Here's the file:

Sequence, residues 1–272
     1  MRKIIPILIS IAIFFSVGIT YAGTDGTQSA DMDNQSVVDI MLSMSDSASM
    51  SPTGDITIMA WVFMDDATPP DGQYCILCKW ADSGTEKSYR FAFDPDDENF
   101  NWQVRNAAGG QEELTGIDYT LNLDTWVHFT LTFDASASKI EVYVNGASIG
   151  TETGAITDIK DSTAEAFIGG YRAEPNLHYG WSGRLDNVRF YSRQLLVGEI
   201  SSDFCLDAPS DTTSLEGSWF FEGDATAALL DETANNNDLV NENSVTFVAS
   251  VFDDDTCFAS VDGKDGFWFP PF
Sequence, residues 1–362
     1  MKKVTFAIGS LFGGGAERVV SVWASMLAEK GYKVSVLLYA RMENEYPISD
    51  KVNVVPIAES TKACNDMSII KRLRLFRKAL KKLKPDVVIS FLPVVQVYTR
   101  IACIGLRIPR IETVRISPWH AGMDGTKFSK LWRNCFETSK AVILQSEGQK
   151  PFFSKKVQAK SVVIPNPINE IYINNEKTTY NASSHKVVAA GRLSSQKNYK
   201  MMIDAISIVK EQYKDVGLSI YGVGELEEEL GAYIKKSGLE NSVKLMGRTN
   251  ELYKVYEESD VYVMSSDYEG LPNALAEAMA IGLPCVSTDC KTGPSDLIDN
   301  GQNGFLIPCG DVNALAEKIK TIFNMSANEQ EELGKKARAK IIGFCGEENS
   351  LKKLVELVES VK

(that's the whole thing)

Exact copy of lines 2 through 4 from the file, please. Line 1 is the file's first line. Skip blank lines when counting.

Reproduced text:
     1  MRKIIPILIS IAIFFSVGIT YAGTDGTQSA DMDNQSVVDI MLSMSDSASM
    51  SPTGDITIMA WVFMDDATPP DGQYCILCKW ADSGTEKSYR FAFDPDDENF
   101  NWQVRNAAGG QEELTGIDYT LNLDTWVHFT LTFDASASKI EVYVNGASIG